Prominent YouTuber Ethan Klein, who is no stranger to delivering controversial statements via his sizeable platform online, has found himself embroiled in controversy yet again after comments recently made on his podcast where he proclaimed he wanted to perform a “mock execution of Jesus Christ” on Christmas day.
On December 1st, Klein was seated alongside his cohost Hasan Piker for their “Leftovers” podcast, where the two rendered commentary regarding the likes of Kanye West and Nick Fuentes and the topical controversies involving the tumultuous figures.
Just shy of 90 minutes into the two-hour podcast, after reacting to one of Fuentes’ videos where he proclaimed the Jews crucified Jesus Christ, Klein delved into a tirade where he began to ridicule Jesus’ sacrifice and declared that if he were given the opportunity, he’d personally perform the crucifixion himself.
“But the whole thing of being mad that like, quote unquote, the Jews killed Jesus, which obviously is like antisemitic propaganda, of course it was the Romans who killed him. But regardless of that, I mean, it’s debated if he even existed in the way that they know, so it’s like whatever we’re debating is silly. But isn’t that the whole reason why Christianity exists? Because he died? Like it was all part of his plan, why are you mad at Jews for killing Jesus? He’s God, the mother fucker is infallible God, like, this is all – why you mad at me, bro? This is what he wanted. You know, what the fuck did I do? I was just doing my part. So, you can sit in your parents’ basement and cry about it, mother fucker. And I do it again! Give me the spear bitch! I’ll do it again…If Jesus was here on a cross, I’d spear him…Give me the hammer and spikes, I’m putting his ass up there…I’ll do it again. I liked it the first time and I’ll do it again, Nick! I’m getting on a call with all my Jewish brothers and sisters…You know what I’m planning this Christmas? A mock execution of Jesus Christ dedicated to Nick Fuentes.”
As seen on the clip from the podcast, even Klein’s cohorts on the show were a bit uneasy with his rant about wanting to perform a mock execution of Jesus. In an effort to clean up the diatribe, Klein later attempted to chalk up the distasteful rant to being nothing more than a joke.
But as mentioned earlier, Klein has a history with controversial comments made on his podcast.
This past May, we at Red Voice Media reported on how Klein called for the literal bombing of an NRA conference that was being held in Houston, Texas.
“So, there was a big protest outside of the NRA meeting which was good. Do we have any insight into what they’re actually talking about there at the NRA meeting that’s today in Texas? Someone should bomb that building.”
Just like with his rant about wanting to perform a mock crucifixion of Jesus, Klein also tried laughing off him suggesting to bomb the NRA conference, saying, “I got a little carried away there. Nobody bomb the building, alright? I take that back…I took it – I got a little passionate there. Let’s roll it back.”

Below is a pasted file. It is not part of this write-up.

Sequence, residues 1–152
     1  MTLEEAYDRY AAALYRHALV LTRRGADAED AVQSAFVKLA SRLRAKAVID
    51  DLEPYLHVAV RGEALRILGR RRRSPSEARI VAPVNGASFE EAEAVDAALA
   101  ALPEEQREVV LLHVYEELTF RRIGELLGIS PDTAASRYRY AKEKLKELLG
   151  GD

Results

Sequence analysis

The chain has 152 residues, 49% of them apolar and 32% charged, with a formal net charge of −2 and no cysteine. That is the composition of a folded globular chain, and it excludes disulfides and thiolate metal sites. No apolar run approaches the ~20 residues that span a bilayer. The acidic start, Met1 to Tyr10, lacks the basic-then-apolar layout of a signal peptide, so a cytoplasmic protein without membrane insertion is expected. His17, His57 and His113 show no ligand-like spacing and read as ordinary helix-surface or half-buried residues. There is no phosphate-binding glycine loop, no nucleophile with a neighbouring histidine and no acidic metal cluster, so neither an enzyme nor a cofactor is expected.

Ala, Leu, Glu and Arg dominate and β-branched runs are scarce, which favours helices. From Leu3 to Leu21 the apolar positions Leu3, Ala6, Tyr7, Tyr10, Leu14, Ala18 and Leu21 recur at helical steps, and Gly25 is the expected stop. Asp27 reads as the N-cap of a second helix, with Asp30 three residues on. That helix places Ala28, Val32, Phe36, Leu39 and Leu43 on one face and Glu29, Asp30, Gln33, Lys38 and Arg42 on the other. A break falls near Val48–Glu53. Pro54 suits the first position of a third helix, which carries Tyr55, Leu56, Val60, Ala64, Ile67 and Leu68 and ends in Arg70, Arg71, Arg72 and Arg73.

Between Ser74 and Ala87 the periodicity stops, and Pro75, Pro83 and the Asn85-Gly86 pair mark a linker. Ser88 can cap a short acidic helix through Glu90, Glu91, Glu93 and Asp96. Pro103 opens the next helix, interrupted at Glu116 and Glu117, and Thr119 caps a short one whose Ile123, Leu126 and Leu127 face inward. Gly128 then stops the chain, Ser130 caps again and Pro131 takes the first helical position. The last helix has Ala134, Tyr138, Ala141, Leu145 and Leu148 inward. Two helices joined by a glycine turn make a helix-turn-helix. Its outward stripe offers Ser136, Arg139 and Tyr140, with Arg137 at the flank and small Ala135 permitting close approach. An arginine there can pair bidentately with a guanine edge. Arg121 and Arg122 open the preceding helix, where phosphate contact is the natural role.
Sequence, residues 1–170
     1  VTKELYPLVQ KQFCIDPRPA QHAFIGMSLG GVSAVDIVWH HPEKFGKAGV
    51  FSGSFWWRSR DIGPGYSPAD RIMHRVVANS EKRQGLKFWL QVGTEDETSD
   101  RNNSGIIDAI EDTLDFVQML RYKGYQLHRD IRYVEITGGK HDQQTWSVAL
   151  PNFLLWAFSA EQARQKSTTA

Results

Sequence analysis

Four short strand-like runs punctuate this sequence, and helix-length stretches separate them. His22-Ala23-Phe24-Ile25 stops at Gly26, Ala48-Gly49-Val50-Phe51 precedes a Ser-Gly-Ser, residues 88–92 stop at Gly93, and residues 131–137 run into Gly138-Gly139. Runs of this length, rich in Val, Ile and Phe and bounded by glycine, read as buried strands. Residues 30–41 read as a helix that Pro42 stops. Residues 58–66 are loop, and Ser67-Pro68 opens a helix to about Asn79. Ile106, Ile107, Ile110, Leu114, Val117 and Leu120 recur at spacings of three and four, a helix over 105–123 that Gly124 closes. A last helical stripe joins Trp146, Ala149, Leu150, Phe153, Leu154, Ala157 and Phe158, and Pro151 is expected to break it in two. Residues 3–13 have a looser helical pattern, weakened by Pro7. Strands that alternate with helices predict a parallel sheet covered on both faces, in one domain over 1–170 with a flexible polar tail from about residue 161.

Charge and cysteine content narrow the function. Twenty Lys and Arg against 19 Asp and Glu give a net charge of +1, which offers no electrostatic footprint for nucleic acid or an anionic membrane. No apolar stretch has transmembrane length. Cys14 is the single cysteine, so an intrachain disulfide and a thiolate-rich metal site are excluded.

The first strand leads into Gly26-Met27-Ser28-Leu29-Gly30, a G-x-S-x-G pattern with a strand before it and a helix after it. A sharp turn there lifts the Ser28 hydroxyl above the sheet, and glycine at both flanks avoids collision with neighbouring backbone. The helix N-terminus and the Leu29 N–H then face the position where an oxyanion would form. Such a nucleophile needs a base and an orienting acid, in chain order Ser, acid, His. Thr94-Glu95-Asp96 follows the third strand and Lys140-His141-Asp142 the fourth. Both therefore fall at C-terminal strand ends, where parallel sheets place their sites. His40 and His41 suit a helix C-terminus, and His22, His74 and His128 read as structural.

Back in October, Klein also drew an onslaught of negative press after he asserted that if there were to be another Holocaust, he’d hope that Ben Shapiro would be “gassed first.”
“I was just going to say, if there was another Holocaust…I was just going to say again if they start rounding up the Jews, I hope Ben gets gassed first.”
During that same October podcast episode, Klein justified his comments by claiming, “I am Jewish by the way, just for the record, 99.7% Ashkenazi Jew, bitch,” later adding, “Nobody can even step to me, I am the king of the Jews.”
Despite Klein’s claims of being unstoppable, his YouTube account was temporarily suspended for violating the platform’s guidelines around antisemitic content/statements.
These are just a few of the controversies stemming from Klein and his comments made on his podcast, but the abovementioned incidents spanning over a period of a few months demonstrate his unusual fixation with violent rhetoric and attempts to brush off such diatribes as jokes or hyperbole.
But what Klein’s comments about Jesus really shines a light on is how it is socially acceptable to denigrate the Christian faith, where one can literally mock the figure at the center of the faith to the point where they can assert a desire to kill Jesus Christ – and make such flippant comments without any sort of tangible blowback.
It’s hard to render an honest observation of the discourse surrounding various religions and not draw the conclusion that the only faith completely safe to routinely shit on is Christianity – and Klein’s comments are just a result of that sort of acceptability within modern American culture.